It is time legal regulators attempt to match pace. This month ICLR.net is focusing on how legal regulators can start to think about data’s role in improving their regulatory responsibilities. We have identified four preliminary steps to help your institution to start thinking about leveraging data.
1. Start small and close to home: Identify your data sources
Identify consistent incoming sources of data. This may be lawyer registrations, renewals and fees. This “low hanging fruit” often serves as the fundamental data base, which can yield insights such as lawyer demographics and disciplinary patterns.
2. Clean and organise your data
Unwieldy spreadsheets no longer make the grade. Setting your organisation up for success means treating your data properly and preparing it for utilisation. Categorising and cleaning your data in a consistent manner will make things easier down the road. Data should be stored in a clear and structured format, which is both secure and shareable with appropriate access permissions.
3. Collaborate with those who know data
Some institutions may want to call the professionals in from day one. Smaller organisations may be able to tackle the first two steps on their own, but to begin to leverage analytics really requires a professional touch for the best results. You should be looking for a company specialises in data structures and analytics. The legal tech sector is rich with software providers offering data management products, but working with a professional in selecting the best fit for your organisation’s data or building a unique system is what will ensure success. It is key to work with someone with the skills as well as background knowledge and insights into the legal profession and industry.
4. Fostering a data-driven culture
Legal information and data powerhouse Thomson Reuters puts it best:
“Building a data-driven legal practice is not something you assign to a task force, department, or an individual. It requires a buy-in from everyone from the top leadership down.”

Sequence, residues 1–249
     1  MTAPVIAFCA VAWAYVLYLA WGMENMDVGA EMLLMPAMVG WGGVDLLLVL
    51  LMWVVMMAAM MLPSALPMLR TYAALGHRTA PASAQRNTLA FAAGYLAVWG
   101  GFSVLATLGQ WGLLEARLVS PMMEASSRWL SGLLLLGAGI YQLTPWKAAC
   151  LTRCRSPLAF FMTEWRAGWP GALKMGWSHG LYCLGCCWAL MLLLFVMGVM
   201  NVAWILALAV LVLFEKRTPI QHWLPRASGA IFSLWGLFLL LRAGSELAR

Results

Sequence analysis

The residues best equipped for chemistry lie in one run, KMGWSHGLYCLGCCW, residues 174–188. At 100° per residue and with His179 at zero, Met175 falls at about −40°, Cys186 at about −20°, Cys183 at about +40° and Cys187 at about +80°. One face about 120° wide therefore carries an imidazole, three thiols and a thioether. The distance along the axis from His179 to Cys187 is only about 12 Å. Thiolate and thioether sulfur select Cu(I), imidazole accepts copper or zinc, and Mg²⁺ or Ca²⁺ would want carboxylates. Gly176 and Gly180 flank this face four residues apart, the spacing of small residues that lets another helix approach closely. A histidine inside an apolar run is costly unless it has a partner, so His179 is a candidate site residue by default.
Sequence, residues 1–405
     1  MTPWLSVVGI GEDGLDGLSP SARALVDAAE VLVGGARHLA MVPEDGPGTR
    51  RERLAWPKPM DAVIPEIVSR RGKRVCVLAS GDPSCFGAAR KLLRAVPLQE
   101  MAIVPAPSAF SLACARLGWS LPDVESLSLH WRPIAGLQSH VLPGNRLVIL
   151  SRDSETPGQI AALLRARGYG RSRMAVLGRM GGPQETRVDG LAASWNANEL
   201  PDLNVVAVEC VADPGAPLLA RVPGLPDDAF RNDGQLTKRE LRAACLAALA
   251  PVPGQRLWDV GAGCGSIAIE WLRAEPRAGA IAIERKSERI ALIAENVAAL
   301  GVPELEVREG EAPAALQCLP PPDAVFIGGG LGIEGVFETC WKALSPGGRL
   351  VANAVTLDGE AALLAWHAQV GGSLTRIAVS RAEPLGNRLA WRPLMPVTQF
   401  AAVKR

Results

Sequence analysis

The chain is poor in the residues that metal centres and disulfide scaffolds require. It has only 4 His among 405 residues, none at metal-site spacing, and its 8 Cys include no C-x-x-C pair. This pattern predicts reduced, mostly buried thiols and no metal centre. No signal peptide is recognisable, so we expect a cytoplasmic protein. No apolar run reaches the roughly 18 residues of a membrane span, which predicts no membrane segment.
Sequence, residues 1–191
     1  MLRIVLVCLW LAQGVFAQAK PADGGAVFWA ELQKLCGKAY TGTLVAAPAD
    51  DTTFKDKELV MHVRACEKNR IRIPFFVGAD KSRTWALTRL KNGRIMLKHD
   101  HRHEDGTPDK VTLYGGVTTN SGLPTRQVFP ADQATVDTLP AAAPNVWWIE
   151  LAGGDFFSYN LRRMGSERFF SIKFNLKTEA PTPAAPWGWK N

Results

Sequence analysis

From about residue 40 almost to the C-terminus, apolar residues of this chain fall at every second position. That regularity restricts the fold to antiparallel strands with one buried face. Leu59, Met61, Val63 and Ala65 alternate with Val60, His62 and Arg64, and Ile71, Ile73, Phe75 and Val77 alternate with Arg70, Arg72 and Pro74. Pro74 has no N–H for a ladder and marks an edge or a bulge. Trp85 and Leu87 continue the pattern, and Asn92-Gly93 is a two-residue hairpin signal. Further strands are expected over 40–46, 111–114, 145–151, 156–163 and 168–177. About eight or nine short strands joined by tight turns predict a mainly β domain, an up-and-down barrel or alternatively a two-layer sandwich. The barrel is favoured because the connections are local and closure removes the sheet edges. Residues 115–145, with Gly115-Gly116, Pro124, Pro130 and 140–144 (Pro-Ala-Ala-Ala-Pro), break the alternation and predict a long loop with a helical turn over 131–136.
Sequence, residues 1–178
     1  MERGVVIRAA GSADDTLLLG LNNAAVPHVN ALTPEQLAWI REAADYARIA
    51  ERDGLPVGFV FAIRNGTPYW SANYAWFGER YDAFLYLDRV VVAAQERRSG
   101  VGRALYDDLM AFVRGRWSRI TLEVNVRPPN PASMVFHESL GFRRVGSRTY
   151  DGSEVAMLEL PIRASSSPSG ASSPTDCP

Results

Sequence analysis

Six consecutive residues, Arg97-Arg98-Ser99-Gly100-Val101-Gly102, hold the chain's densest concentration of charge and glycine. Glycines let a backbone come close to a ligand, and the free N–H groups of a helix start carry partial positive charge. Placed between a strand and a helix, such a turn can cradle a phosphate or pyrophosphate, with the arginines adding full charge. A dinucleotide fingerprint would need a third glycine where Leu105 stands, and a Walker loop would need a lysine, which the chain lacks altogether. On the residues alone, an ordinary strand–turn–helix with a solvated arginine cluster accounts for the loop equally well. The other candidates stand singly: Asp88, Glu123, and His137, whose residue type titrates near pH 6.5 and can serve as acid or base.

In addition, it is worth saying that employees at all levels should be involved in the data system development process, to ensure compatibility and realistic adoption and utilisation of the system. The human resource is what will bring an organisation the strongest return on any data investment.
Is data analytics for your organisation?
Some regulators may believe they are too small or the resource required to harness data is too great. However, these four steps can be completed at various levels, just as law firms of all sizes are engaging in data tools. Ultimately, it will be a matter of survival for regulators to keep pace with those they regulate. Information has a strong multiplier effect, and data analytics has the power to transform regulation and industry’s productivity as a whole.
We are interested in hearing about how your institution is using data to assist in regulation. Let us know! Interested in the power of data in regulation – get involved at this year’s annual conference. Contact Jim McKay (firstname.lastname@example.org) to become involved as a speaker or session moderator.
In January, the Legal Services Board (LSB) of England & Wales released its “Regulatory Performance: Transitional Assessment Review” looking at the transitional assessment of each legal services regulatory body against the LSB’s regulatory performance standards. The report found that it had “sufficient assurance that the regulatory bodies have met the minimum required level of performance against the majority of expected outcomes”.
Transparency across the legal services market lies at the heart of consumer satisfaction. Recent Competition and Market Authority statistics found that before choosing their legal service provider 85% of consumers want better access to information, 53% want information about price, and 37% of consumers what to know about the quality of the service they would receive. In response, the Solicitors Regulation Authority released new price transparency rules, which requires regulated firms to publish price and service information on their websites.
Since 6 December 2018, all solicitors firms had to publish cost information in relation to conveyancing, probate, debt, employment and immigration. The new rules dictate that firms must provide a total cost or an average or range of costs, as well as explain the basis of these charges, including any hourly rate or fixed fees. Firms also must be clear on whether VAT is included, while also highlighting likely disbursements, and their costs. Any conditional or damages-based fees must be fully explained to clients who may have to make payments.